Francescsa Schiavone is representing Italy in the Olympics as London 2012 finally starts to get in it’s stride. As proud Italians, we’re keen to see where else we can excel – it may well be that we are all celebrating with Francesca and her Olympic team-mates when the runners come around the final bend of the 800m…
Janeth Jepkosgei may no longer have it in her legs to sustain her bold front-running style that won her the 2007 world title, while young Kenyan pretender Winny Chebet has much work to do if she is to translate her Nairobi high altitude form to the chill of Europe at sea level.
Pamela Jelimo, the Olympic champion and world indoor champion, dominates the rankings with her 1min 56.76sec clocking in earlier this month, which she backs up with the 1:58.48 that she ran to win the Kenyan title from Chebet and Jepkosgei.
Jelimo is not unbeatable, though and 20-year-old Fantu Magiso ran an Ethiopian record 1:57.56 at the end of May to beat her African rival in Rome. Third in that race (in 1:58.56) was the Russian, Mariya Savinova, who 12 months ago landed a 15.0 shock win at the world championships in Daegu.
Yekaterina Postogova, the 21-year-old new Russian champion, clocked 1:58.15 to win the Russian Championships, but you cannot fail to think she will play second fiddle to Savinova.
The men’s Olympic 800 metres gold medal might as well be placed around the neck of David Rudisha now.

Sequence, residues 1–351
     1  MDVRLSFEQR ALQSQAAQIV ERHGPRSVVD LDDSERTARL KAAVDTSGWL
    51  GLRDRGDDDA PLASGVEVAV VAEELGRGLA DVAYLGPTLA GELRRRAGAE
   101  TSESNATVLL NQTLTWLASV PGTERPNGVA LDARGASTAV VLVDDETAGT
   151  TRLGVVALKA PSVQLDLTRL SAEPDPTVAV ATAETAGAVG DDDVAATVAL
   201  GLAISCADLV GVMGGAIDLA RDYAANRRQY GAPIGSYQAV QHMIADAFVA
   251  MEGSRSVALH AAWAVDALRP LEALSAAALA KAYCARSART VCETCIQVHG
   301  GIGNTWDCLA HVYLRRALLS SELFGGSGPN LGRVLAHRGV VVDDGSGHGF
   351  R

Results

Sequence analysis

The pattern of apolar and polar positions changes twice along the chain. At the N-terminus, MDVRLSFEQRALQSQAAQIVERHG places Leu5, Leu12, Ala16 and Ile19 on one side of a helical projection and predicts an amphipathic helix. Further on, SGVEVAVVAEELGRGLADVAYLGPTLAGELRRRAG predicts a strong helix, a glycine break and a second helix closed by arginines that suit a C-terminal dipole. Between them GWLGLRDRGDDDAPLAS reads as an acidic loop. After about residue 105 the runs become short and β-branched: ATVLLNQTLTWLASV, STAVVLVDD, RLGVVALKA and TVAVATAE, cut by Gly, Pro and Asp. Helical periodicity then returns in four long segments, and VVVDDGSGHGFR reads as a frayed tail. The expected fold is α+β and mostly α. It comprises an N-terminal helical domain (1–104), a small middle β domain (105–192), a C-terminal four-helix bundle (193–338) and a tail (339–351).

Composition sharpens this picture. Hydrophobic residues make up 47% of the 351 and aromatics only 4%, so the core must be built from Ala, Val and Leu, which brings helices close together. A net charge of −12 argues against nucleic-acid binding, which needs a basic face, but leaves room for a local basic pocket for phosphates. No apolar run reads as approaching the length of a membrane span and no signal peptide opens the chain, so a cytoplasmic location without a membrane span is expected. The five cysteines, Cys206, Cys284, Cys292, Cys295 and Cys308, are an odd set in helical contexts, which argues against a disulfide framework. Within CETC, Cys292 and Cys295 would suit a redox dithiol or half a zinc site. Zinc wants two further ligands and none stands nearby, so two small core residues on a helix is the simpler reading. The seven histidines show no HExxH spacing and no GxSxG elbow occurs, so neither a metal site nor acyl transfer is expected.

The Kenyan copper, who has Olympics games betting odds of 1.10, has dominated the distance for the past three years and such is Rudisha’s dominance, he is more than 1.5sec quicker this season than the next best racer, teenager Nijel Amos from Botswana.
Amos ran a national record 1:43.11 in June and accordingly picked up the world junior title in Barcelona recently.
The race for the minor medals looks to be wide open, however, with a dozen men having run faster than 1:44 this term, but no one looking outstanding, with Leonard Kosencha and Abubaker Kaki both medal contendors.
Buried among the also-rans at the Pre Classic in ninth, and not quite last place, but with what was at the time a season’s best, was Yuri Borzakovsky.
Russia’s 2004 Olympic champion is one of these great old warhorses who keeps delivering, time after time, though usually when you don’t expect it so a strong performance in London would not be surprising.